The primary results from the PIV analysis of the recorded images are velocity fields \((v_{x}^{*}(x^{*}, y^{*}, t^{*}), v_{y}^{*}(x^{*}, y^{*}, t^{*}))\), where \(v_{x}^{*}(x^{*}, y^{*}, t^{*})\) and \(v_{y}^{*}(x^{*}, y^{*}, t^{*})\) are the velocity components in the x and y directions respectively at time t . Since we are interested in studying the flow field induced by a periodic forcing, we set the sampling rate of the PIV system in order to obtain between 20 to 50 vector fields within a single oscillation period T=2π/ω. The measurement of each velocity field at a specific time t was repeated about 40 times and, then, an ensemble average was performed. The standard deviation of the two velocity components was found to be at most 5 % of the average velocity. The resulting vector fields were interpolated onto a polar co-ordinate system (r ,θ), which is a convenient choice for the circular geometry of the domain.

In the following, we will adopt dimensionless temporal and spatial variables defined as t=t ω, (x,y)=(x ,y )/R and r=r /R. Moreover we scale the velocity with A ω R. The dimensionless radial (v r ) and azimuthal (v θ ) components of the velocity can be obtained by
$$ {}v_{r}\,=\,\frac{v_{x}^{*}\cos(\theta)+v_{y}^{*}\sin(\theta)}{A \omega R}, \quad v_{\theta}\,=\,\frac{-v_{x}^{*}\sin(\theta)+v_{y}^{*}\cos(\theta)}{A \omega R}. $$
(2)

We note that, as expected, in all experiments v r is invariably much smaller than v θ .

We finally produced radial profiles of the circumferential velocity V θ (r,t) by averaging v θ along the θ-direction, taking advantage of the axial symmetry of the flow.

For the following discussion, it is useful to introduce the integral of the dimensionless kinetic energy per unit volume of the fluid over the measurement plane, defined as
$$ K= \int_{0}^{2\pi} {\int_{0}^{1}} \frac{{v_{r}^{2}}+v_{\theta}^{2}}{2} r dr d\theta. $$
(3)
Analogous to what was done in [13], in order to obtain a synthetic parameter to quantify the intensity of vitreous motion, we introduce a new dimensionless quantity, \(\overline {K}\). This is defined as the time-average of K divided by the analogous quantity computed for a rigid body with the same density of the fluid and undergoing the same motion, and takes the form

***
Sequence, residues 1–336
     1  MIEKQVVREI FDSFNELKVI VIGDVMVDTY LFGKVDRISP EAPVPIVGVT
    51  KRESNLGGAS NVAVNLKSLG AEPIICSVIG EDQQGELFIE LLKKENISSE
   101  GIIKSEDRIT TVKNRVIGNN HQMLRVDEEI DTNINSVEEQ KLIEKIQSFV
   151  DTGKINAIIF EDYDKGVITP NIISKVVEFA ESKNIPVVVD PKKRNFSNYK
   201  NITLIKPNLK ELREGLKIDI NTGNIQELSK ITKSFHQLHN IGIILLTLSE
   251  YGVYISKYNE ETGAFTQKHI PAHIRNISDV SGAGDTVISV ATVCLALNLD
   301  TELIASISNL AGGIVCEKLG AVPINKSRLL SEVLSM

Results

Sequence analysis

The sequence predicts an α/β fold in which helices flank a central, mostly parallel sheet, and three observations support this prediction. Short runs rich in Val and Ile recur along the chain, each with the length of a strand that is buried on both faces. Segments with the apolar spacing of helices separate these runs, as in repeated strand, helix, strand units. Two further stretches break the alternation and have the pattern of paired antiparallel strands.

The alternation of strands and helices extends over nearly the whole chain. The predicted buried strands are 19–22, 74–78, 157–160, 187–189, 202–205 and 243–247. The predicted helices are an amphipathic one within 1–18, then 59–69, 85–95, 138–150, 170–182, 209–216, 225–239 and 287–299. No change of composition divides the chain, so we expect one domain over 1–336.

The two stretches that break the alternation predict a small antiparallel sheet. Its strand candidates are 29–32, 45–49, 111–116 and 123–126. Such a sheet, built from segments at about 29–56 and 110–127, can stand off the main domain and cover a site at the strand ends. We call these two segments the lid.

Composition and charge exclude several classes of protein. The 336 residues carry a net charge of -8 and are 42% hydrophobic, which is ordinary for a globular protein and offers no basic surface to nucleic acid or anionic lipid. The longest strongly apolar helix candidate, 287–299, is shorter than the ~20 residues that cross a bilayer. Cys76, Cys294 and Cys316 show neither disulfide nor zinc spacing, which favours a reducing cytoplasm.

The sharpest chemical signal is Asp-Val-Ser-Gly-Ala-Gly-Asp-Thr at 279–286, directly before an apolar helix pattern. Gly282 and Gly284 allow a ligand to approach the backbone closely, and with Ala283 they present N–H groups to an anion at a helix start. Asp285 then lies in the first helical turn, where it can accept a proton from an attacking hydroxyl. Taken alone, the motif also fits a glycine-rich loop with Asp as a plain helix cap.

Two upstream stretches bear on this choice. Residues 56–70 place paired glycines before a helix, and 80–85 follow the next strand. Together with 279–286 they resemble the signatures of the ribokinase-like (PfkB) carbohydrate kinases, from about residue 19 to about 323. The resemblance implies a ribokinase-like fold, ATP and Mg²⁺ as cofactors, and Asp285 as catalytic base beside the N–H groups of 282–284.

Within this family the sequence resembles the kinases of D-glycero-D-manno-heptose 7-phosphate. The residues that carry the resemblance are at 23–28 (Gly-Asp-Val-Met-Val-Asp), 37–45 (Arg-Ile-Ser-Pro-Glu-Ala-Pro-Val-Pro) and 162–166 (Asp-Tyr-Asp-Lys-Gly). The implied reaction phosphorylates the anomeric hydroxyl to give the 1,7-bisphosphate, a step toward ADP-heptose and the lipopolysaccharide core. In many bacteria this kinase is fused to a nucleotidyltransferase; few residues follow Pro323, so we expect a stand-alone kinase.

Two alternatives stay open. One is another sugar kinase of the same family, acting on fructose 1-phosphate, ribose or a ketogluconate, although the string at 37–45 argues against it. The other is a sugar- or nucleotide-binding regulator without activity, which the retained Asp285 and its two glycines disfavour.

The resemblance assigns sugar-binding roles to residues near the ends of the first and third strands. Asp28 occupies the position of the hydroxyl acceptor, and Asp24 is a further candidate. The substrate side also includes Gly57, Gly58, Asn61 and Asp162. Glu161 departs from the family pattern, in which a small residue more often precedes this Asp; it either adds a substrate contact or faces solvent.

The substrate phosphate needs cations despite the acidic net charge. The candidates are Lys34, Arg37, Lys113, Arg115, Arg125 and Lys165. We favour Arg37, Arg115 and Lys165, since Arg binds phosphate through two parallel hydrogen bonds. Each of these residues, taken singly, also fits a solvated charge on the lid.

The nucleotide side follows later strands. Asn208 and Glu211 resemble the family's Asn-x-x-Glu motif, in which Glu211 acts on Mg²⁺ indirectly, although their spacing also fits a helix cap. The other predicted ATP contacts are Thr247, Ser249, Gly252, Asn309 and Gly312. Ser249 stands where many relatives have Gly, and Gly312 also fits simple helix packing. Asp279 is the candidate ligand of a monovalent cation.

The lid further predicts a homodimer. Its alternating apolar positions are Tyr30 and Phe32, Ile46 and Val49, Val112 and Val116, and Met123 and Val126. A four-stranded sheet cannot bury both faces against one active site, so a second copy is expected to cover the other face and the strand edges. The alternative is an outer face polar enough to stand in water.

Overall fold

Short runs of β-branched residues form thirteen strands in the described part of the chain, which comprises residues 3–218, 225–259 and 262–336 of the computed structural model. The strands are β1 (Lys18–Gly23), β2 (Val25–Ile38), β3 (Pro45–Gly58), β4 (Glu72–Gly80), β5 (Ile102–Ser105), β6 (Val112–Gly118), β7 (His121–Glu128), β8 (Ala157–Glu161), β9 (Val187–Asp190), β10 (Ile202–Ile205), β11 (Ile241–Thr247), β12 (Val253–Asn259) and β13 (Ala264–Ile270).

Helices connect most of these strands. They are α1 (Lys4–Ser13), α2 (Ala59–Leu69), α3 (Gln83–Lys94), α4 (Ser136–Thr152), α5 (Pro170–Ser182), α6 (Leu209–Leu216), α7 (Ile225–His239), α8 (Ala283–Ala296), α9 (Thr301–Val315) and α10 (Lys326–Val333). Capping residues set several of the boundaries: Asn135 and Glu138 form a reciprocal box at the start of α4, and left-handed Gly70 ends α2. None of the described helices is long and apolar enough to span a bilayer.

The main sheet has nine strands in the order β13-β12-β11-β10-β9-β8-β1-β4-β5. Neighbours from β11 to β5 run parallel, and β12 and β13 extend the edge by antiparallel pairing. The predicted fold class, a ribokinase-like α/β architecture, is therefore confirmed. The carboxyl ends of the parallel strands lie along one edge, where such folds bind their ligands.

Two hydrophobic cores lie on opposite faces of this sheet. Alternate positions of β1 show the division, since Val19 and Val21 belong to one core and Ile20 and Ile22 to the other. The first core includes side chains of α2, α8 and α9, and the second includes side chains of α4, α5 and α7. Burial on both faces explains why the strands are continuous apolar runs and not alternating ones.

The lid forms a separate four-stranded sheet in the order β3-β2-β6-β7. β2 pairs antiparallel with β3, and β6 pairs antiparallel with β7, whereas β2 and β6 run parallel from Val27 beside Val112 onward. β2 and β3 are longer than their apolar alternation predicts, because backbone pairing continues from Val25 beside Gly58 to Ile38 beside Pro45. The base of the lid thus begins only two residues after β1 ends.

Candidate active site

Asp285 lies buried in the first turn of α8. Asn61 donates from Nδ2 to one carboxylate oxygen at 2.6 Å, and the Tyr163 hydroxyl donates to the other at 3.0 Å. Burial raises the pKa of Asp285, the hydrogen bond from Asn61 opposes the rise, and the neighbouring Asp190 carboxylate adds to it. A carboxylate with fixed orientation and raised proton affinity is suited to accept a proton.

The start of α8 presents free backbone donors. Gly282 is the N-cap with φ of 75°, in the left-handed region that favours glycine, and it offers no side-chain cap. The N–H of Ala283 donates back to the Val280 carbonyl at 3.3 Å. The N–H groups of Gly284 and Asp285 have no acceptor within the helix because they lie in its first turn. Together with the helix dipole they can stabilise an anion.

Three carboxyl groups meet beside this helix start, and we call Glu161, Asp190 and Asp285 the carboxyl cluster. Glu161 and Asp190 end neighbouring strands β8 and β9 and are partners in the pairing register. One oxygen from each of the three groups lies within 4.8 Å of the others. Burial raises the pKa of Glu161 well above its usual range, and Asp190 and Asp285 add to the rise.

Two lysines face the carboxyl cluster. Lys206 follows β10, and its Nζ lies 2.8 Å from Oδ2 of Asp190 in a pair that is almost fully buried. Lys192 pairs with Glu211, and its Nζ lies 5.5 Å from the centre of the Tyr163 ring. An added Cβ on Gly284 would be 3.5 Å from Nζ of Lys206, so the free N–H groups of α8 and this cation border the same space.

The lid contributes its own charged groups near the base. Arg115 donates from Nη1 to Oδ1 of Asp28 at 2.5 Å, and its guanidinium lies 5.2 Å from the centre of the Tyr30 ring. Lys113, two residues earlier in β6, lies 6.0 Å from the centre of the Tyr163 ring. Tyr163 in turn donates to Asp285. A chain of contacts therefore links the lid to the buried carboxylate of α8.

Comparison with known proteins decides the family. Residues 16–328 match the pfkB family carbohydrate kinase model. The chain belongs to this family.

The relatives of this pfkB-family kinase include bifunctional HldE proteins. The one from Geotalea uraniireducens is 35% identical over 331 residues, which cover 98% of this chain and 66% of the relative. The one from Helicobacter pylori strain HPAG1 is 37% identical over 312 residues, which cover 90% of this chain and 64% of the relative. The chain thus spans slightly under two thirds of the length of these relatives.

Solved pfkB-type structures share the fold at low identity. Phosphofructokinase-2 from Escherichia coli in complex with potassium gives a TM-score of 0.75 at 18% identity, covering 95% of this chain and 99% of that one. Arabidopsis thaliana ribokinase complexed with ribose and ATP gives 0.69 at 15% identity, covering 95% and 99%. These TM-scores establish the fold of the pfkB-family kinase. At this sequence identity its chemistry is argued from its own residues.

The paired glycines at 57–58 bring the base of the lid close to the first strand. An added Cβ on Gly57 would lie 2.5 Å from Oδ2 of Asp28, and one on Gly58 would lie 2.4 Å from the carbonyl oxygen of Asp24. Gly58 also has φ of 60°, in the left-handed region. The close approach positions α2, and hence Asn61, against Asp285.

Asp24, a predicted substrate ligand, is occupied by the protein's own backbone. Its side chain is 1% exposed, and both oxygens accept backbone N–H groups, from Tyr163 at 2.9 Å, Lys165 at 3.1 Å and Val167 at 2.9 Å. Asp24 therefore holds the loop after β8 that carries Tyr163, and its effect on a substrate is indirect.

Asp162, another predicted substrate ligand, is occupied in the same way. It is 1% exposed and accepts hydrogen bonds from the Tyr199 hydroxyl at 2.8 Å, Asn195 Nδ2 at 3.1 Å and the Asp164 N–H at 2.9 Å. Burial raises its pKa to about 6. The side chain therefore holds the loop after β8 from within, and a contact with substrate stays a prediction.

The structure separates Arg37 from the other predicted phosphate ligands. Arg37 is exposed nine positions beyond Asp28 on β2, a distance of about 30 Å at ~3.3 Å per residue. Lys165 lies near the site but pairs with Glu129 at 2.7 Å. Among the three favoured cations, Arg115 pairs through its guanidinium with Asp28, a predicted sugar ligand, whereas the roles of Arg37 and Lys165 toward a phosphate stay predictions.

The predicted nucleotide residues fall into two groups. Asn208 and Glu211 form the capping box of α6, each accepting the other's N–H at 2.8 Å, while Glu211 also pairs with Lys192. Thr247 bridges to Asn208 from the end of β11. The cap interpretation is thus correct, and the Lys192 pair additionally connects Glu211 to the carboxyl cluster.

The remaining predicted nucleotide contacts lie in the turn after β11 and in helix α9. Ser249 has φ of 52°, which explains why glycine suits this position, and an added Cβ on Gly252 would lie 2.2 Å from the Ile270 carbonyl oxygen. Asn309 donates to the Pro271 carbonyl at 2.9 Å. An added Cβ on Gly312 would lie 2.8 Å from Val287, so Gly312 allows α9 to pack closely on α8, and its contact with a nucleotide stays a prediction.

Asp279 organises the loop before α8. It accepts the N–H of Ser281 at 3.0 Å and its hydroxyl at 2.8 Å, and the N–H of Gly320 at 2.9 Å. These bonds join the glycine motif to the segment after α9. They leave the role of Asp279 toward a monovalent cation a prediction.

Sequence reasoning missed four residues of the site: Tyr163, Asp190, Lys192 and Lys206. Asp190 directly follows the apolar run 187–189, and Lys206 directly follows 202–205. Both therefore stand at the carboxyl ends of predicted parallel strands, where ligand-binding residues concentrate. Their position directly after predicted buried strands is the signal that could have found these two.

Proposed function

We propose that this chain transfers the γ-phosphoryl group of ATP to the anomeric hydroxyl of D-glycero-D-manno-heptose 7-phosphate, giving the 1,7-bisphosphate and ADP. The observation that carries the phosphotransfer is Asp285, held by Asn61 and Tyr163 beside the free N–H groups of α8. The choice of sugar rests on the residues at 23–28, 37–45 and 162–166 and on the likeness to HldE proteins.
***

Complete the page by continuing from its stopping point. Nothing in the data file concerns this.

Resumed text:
$$ \overline{K}= \frac{8}{\pi}\int_{0}^{2\pi} K dt. $$
(4)

Note that \(\overline {K}\) is always smaller than 1 in the case of a purely viscous fluid, while \(\overline {K} \rightarrow 1\) is the fluid tending to behave as a rigid body.

Our measurements show that fluid particles oscillate in time with the same frequency as that of the container and higher order harmonics, possibly generated by non-linearities, are negligible. This is not surprising since we invariably worked with small-amplitude rotations of the eye model. We can, therefore, formally write
$$ V_{\theta}(r,t)=g(r)\exp(i t)+c.c., $$
(5)
where c.c. represents the complex conjugate. If (5) holds, we can easily calculate the shear strain generated in the fluid, which is related to V θ by the following expression:
$$ \gamma_{\textit{r}\theta}=-\frac{iA}{2} \left(\frac{\partial{g}}{\partial{r}} -\frac{g}{r} \right) \exp(i t)+c.c. $$
(6)

This formula is obtained by using the expression of the shear rate of strain in spherical co-ordinates and taking its integral over time.

Results